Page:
THE BLOG

A Picture Can Tell More Than a Thousand Words

11/09/2015 15:36 BST | Updated 10/09/2016 10:12 BST

There aren't many moments in time when we journalists can feel proud of our profession - it gets such a bad press itself! But the recent and ongoing refugee crisis is just such one of those snapshots in time when reporters and photographers simply doing their jobs have changed attitudes and affected political thinking.

While government ministers went on describing as "swarms" those human beings risking their lives crossing dangerous waters between war zones and the safe beaches of Europe, while hundreds of families demonstrated their desperation by throwing themselves onto the rooves of trucks crossing the Channel, and in one case walking almost the complete length of the Channel Tunnel, it was TV reporters who went to the Calais camps, travelled to the Hungarian border, sat on crowded trains at Budapest station and simply interviewed the "swarms". And guess what? They found that they weren't insects. In oh so many cases they were just like us - intelligent, eloquent people in terrible straits. Who wanted the best for their family? Wanted to work, to provide, and yes, even to pay taxes. They just wanted out of the danger.

It started with the TV news bulletins, and then spread to the print media - the idea that these "migrants" or "refugees" might actually be worth listening to. Powerful, fascinating and emotionally moving accounts from these mothers, fathers, kids and orphans started to change our opinions, bring out the compassion in us, and we in turn demanded compassion from our governments.

Then, as if we hardly needed reminding, came an image so powerful, even words were no longer necessary to make the point. It was that terrible, heart-wrenching image of the body of a little boy, Aylan, washed up on the Turkish beach after his family had failed in their attempt to cross to Greece in a pathetically inadequate and overcrowded five metre long dinghy.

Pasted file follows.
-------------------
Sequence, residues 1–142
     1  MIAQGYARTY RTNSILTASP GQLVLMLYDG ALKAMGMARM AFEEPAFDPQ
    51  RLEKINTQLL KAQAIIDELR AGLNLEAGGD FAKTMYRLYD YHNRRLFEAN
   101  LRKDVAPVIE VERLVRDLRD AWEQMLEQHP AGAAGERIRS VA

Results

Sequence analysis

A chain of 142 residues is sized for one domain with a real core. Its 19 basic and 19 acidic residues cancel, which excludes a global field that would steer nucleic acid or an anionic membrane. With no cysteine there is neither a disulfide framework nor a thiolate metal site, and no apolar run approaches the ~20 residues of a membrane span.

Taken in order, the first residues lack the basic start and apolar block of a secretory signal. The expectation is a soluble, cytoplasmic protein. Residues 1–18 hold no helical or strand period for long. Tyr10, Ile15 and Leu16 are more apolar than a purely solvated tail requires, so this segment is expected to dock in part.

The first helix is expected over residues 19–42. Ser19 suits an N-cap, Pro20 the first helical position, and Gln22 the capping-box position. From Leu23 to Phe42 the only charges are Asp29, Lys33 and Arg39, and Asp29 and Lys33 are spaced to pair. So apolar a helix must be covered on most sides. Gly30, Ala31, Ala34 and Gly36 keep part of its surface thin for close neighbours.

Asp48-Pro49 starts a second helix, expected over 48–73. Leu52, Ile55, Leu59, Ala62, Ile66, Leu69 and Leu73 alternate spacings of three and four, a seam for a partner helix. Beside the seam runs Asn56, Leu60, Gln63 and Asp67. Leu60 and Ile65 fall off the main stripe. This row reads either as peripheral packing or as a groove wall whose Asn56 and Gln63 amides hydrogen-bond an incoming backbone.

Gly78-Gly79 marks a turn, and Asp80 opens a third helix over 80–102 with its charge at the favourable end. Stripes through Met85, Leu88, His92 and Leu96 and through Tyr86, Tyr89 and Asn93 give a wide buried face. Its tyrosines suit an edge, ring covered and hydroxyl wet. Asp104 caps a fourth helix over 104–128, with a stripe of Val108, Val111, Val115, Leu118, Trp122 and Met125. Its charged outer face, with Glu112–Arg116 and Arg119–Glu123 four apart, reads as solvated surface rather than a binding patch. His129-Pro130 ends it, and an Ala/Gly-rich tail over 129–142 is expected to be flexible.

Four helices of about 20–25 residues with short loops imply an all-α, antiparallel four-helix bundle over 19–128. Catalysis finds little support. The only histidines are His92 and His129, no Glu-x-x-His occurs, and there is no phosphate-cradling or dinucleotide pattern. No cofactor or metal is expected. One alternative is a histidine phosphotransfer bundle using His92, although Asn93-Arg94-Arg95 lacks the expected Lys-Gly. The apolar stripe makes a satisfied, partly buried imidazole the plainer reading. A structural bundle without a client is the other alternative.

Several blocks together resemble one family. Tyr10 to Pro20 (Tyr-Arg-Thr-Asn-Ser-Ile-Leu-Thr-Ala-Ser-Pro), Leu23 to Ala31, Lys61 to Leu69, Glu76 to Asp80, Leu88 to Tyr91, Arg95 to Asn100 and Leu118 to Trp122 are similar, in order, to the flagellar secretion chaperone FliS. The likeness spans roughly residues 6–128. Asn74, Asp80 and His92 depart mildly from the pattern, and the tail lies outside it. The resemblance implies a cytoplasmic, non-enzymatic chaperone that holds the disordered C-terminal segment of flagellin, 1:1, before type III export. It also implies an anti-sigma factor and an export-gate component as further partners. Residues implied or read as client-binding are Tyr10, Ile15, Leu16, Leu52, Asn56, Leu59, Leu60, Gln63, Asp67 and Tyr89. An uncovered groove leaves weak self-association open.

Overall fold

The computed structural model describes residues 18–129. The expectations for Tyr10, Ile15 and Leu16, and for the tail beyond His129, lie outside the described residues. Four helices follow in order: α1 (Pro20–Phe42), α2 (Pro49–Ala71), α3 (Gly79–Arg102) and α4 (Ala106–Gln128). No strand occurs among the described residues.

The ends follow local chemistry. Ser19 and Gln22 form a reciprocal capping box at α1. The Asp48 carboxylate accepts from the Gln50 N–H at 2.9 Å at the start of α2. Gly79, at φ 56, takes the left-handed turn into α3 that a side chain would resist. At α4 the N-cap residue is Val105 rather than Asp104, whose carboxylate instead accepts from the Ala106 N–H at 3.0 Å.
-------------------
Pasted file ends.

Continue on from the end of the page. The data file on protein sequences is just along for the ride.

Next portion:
That image was wired all over the world, and many picture editors in newspaper offices immediately faced the enormous decision of whether or not to publish it. Such a shocking image can prove the catalyst for change. I know at least two national newspaper editors well - and their opinions (and of course also their readership) are poles apart in their view. One says "No-one should have to see pictures of dead children in our paper." The other stated publicly: "If you were shocked, then the picture has done its job."

It has happened before, many times in the "field of human conflict" - and thanks to journalists and news photographers, it will happen again. Each picture, of course, tells its own story - and there's often a back story, too.

Take one particularly dramatic shot, taken by photojournalist Kevin Carter in the 1993 famine in Sudan. It's a breathtaking shot of a tiny child lying on the desert floor, looking so emaciated that she is surely about to die. About two metres behind her is a vulture, just waiting....

It's a picture that went all over the world and, again, prompted huge debate and motivated politicians. But Carter, it is said, was so haunted by the image and other dreadful things he'd seen, and so hurt by public criticism that he hadn't personally saved the child, that three months after winning the Pulitzer Prize, he committed suicide.

The other incredibly famous photo which is often credited with hastening the end the Vietnam War is the one of a naked young girl running in terror down the road from where her village has just been napalmed. It's often referred to as the Napalm Girl picture, it communicated the horrors of Vietnam in a way words could never describe. Other pictures taken seconds later show that the newsmen rescued her, tended her burns, clothed her and took her to a medical centre. One year on, the man behind the camera was reunited with her and they've stayed friends all these years later!

Over the years, I've worked with many distinguished cameramen and photographers and I can honestly say that, even though many argue that they are able to do their difficult job because the camera eye-piece somehow distances them from reality, they are still often haunted by the things they have to witness.

Over the past few weeks, however, we should all value the job they do so well because sometimes we in our comfy armchairs, and our politicians on those lush leather benches in the House of Commons, need to be graphically shown the reality of what's happening out there in the real, harsh, world. It always helps to be informed.